IMO '13 or '14 were prime years of getting all the kinks worked out of the very early models but not new enough for Nissan to start cheeping out on things(like rear seat heat, 80% charge option which I use all the time and probably a few other things).
Oh another bad thing(IMO) about the '11s and '12s is the 1/2 speed L2 charger(if you use more than the OEM 120v supplied EVSE). What this means if charging for free on the many L2 chargers around town the '11s and '12s will only charge 1/2 as fast as a '13 and on model, may as well get as much free juice as you can for a given time. Note the S models will also only charge at this half the speed unless it has the "charger" package, which I'd really suggest looking for one that has this. Almost all in my market do but I'm sure there are plenty that don't. Oh some of the '13 model Leafs lack a backup camera so if you want that feature make sure it has it. On the S model you have to have the charger package to get it and I believe its the similar for the SV model, all SLs after '12 have the faster L2 charging speed and backup camera. Note by '14 a backup camera was standard on all Leafs.
I agree that a Leaf is a great fit for you.

I have a 2011 with 7 bars. I can get up to 45 miles (maximum), assuming I drive like Grandma. Practical range is 20-40 miles (20 is full heat in winter, 40 is typical driving in Eco mode with no heat).

The car has been a good purchase. It requires minimal maintenance and it's saved us $500 in gas in the first year we've owned it. However, I've found myself wanting more range, especially this winter. When I bought it, I expected to put a new battery in, but Nissan has increased battery replacement costs so high that it's no longer practical.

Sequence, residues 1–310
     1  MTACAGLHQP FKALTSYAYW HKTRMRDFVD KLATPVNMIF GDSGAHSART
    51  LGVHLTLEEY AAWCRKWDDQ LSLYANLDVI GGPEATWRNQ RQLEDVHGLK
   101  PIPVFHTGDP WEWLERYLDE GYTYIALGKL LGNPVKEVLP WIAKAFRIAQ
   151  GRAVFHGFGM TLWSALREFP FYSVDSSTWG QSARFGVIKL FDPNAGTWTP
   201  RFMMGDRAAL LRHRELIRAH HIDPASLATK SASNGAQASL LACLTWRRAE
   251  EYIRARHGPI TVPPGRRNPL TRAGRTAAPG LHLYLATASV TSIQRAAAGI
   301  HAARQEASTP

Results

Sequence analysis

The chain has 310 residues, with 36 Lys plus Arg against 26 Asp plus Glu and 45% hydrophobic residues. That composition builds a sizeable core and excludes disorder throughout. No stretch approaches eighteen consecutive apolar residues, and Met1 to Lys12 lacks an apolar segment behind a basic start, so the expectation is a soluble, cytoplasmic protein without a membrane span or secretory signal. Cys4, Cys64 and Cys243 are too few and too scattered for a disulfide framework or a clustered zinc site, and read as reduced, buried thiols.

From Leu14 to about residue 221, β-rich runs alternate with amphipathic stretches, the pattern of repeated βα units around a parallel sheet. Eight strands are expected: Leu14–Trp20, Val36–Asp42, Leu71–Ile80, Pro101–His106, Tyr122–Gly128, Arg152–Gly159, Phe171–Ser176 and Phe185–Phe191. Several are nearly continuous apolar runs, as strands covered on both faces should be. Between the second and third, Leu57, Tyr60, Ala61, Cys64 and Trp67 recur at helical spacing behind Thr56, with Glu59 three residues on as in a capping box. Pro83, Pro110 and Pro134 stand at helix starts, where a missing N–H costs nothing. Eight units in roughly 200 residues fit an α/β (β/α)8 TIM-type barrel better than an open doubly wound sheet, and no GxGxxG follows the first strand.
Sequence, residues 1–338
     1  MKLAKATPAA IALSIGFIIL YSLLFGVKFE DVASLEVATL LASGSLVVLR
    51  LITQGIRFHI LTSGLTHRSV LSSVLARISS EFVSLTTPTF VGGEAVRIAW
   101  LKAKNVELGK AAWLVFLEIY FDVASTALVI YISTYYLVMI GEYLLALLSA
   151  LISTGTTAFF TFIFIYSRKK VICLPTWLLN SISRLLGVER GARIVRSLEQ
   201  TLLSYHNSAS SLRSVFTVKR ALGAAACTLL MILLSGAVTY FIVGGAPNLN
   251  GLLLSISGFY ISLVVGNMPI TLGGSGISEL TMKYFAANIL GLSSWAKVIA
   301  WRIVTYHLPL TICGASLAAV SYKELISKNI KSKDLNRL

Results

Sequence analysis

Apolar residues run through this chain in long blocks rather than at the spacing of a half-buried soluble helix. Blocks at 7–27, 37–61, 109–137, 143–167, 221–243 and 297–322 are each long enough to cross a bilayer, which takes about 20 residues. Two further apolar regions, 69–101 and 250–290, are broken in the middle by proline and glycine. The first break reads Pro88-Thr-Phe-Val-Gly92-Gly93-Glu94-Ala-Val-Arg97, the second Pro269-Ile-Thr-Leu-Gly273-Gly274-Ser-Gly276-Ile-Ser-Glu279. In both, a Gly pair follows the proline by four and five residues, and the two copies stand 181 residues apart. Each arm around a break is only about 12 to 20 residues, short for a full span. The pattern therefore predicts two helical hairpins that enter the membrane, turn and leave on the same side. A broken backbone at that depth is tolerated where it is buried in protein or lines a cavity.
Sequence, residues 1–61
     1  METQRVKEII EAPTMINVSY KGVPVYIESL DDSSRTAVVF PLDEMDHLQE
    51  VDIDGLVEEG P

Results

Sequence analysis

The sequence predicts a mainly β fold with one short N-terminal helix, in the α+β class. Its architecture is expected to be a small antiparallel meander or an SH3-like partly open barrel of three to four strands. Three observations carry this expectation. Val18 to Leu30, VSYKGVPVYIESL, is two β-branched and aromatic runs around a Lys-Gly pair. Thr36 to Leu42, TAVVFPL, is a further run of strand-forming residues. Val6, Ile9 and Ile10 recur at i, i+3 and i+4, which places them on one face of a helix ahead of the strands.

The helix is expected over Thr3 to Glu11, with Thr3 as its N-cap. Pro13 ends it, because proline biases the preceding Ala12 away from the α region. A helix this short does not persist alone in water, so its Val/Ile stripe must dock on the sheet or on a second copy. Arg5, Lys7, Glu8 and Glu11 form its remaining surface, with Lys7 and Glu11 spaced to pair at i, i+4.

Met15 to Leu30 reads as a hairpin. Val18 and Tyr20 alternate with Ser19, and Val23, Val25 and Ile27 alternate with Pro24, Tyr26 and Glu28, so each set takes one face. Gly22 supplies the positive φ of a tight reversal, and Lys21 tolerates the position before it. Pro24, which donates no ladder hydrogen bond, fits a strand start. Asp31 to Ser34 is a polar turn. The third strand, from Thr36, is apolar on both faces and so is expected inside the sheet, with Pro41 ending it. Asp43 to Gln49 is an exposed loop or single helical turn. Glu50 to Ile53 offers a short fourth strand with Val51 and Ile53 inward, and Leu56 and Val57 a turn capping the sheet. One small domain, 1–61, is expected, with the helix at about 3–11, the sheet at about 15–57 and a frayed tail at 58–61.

If you truly mean that your range will be 20 miles, the leaf will work for you down to 7 bars. But what I've found is that even though my range requirements are low, I'm not able to go somewhere and have to take the primary vehicle, which is frustrating. I'd prefer to put as many EV miles as possible, but for instance, today's trip is 35 miles round trip and so the wife doesn't want to risk the trip. So we'll put 35 miles on the gas car instead. If the EV did 50-60 reliably, we'd be a lot happier.

So I agree--get an 11 or 12 bar car as that will last a long time before it hits 7 bars. The 2013+ are a lot nicer than the 2011/2012, but the 2011/2012 are a lot cheaper. You could find an 11 or 12 bar 2011/2012 quite cheap, and if it's 11/12 bar, that means that it's most likely had a warranty battery replacement.

Keep in mind that the Leaf is cheaper to operate than a gas car, but replacement parts are pricy. So you want one in sound mechanical condition without issues. Get LeafSpy and an ODBII device so that you look at diagnostic codes and check battery health before you buy. If possible, get one with heated seats and steering wheel, so that you don't need to use the heat as much.

Finally, I would rather buy a Leaf from a previous owner who has a history with the vehicle and knows it. I've had too many bad experiences with dealerships. But maybe that's just me...